SPECIAL TO THE TIMES-GEORGIAN
Over the next three years, the City of Carrollton will receive $550,000 from a Department of Justice grant to expand and enhance the Carroll County Crisis Response Team.
The funding comes from the DOJ’s Connect and Protect: Law Enforcement Behavioral Health Responses program which supports law enforcement-behavioral health collaboration to improve public safety responses and outcomes for individuals with mental illness and substance abuse issues.
In partnership with Carroll County Mental Health Advocates, the city will use the funding to expand the Carroll County Response Team’s reach within the community. CCMHA is a non-profit organization with the mission to be the missing link for individuals and families impacted by mental illness and addiction in Carroll County. The advocates are responsible for the start up and management of the Carroll County Crisis Response Team.
Carrollton is one of 36 communities in the nation to get these dollars, a list that includes much larger, urban cities like Portland, Oregon, Los Angeles, California and Miami, Florida.
“The creation of a mobile crisis response team was a big pie-in-the-sky dream for me and this organization,” said Jodie Goodman, executive director of Carroll County Mental Health Advocates. “To see it come to fruition and make a difference for our neighbors during their most vulnerable time is truly a blessing.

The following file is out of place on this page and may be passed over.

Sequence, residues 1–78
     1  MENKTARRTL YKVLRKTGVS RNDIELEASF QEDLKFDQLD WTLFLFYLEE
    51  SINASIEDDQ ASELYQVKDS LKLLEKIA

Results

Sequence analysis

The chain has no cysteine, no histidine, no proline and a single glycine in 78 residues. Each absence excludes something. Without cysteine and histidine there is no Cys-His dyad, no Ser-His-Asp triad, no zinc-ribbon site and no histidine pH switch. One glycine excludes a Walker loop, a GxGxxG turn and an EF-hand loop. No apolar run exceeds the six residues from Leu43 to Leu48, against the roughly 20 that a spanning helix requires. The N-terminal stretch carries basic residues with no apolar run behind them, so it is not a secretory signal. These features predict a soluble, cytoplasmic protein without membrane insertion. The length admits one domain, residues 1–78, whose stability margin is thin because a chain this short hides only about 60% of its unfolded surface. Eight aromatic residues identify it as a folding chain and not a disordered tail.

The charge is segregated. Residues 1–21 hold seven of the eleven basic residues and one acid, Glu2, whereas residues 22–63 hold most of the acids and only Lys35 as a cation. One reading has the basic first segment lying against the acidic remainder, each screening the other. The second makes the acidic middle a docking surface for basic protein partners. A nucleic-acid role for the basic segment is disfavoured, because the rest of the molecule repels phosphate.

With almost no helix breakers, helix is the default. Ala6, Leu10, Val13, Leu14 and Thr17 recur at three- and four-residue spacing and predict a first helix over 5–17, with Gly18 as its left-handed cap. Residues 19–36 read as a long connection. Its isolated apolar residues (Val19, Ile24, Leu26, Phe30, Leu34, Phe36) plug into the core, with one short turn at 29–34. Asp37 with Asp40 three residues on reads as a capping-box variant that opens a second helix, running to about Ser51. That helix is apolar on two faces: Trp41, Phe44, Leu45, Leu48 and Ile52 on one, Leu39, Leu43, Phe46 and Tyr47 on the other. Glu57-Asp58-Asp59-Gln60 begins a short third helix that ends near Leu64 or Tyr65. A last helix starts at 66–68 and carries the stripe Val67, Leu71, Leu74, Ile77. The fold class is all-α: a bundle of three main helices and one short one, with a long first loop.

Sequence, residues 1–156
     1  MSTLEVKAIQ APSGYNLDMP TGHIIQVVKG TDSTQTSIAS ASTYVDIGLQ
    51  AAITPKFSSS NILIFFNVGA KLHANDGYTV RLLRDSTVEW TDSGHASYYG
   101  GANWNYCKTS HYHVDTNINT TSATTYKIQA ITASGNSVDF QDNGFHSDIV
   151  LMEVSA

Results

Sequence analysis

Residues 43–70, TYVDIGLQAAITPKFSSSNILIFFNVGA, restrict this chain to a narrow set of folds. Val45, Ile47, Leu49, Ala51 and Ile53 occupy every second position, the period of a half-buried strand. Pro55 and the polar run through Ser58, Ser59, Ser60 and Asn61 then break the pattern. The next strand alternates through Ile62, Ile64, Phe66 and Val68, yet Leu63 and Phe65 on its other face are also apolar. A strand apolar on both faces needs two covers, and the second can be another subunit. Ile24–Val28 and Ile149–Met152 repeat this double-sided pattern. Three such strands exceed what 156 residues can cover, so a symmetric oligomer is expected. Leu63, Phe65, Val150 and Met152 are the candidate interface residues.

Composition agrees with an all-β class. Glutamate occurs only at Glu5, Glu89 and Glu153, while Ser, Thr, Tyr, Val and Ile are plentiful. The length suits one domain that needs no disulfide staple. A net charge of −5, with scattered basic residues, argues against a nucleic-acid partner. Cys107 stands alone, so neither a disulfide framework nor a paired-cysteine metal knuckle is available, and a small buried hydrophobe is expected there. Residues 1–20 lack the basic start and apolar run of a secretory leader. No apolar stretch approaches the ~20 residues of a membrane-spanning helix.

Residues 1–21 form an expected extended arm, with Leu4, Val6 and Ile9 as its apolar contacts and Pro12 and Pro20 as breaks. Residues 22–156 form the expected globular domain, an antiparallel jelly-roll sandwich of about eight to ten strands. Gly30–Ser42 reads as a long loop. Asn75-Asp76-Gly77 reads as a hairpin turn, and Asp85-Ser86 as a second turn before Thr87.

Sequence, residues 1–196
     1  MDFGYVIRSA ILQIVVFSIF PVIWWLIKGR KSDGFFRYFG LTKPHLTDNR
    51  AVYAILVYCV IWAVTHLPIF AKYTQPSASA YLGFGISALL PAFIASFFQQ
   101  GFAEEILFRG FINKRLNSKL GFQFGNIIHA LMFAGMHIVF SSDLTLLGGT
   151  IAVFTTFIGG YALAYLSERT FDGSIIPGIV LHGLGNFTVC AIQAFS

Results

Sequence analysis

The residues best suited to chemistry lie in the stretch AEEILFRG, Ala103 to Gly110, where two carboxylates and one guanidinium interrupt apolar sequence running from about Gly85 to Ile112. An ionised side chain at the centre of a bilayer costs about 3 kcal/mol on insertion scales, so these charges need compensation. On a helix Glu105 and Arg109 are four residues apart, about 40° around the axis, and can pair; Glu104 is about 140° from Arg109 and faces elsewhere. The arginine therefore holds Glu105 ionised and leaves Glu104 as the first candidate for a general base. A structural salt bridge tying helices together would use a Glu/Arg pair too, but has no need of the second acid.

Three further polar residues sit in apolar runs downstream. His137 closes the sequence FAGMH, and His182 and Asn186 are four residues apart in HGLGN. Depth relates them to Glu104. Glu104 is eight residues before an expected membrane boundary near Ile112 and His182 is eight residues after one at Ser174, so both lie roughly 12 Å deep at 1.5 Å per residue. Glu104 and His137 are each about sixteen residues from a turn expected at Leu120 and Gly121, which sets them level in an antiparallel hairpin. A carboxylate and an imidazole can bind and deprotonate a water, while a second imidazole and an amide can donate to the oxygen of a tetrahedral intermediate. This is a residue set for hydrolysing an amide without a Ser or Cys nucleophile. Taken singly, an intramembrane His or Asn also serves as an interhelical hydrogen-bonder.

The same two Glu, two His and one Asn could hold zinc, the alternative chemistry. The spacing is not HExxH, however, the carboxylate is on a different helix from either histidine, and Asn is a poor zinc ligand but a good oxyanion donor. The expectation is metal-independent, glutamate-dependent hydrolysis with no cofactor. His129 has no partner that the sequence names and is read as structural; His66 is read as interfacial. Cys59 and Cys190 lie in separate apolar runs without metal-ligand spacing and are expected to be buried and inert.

“I am so thankful our local leadership saw this concept through. Specialized services like the Crisis Response Team are not just for big urban areas. We have just as big a need here in our community, too,” Goodman added.
The CCCRT tries to address mental health crises without arrest, jail time or further trauma for citizens and reduce the use of emergency and law enforcement resources for mental health crises. CCCRT operates under the Respond, Resolve and Refer model: Respond to 911 psychiatric crisis calls in a specialized unit, provide on-site intervention to de-escalate and Resolve mental health crises and Refer individuals to community health providers and other resources as needed.
Currently, the CCCRT consists of one unit and one team that covers 504 square miles of Carroll County. The new funding will bring additional staffing and much needed resources. To date, the team has responded to more than 350 calls, of which only one has resulted in an arrest.
“The addition of the Crisis Response Team has been a huge relief to law enforcement,” said Lieutenant Greg Falls of the Carrollton Police Department. “We are so thankful to have a trained, licensed professional that can respond to these mental health crisis calls, help de-escalate the situation and get the client admitted to the mental health treatment they need, rather than having to make arrests.”
CCCRT was developed by a partnership among CCMHA, City of Carrollton, Carrollton Police Department, Carroll County Board of Commissioners, Carroll County Sheriff’s Office, Willowbrooke/Tanner Medical Center, Pathways Center, Community Foundation of West Georgia and Steve Adams. It began operating in April, 2021.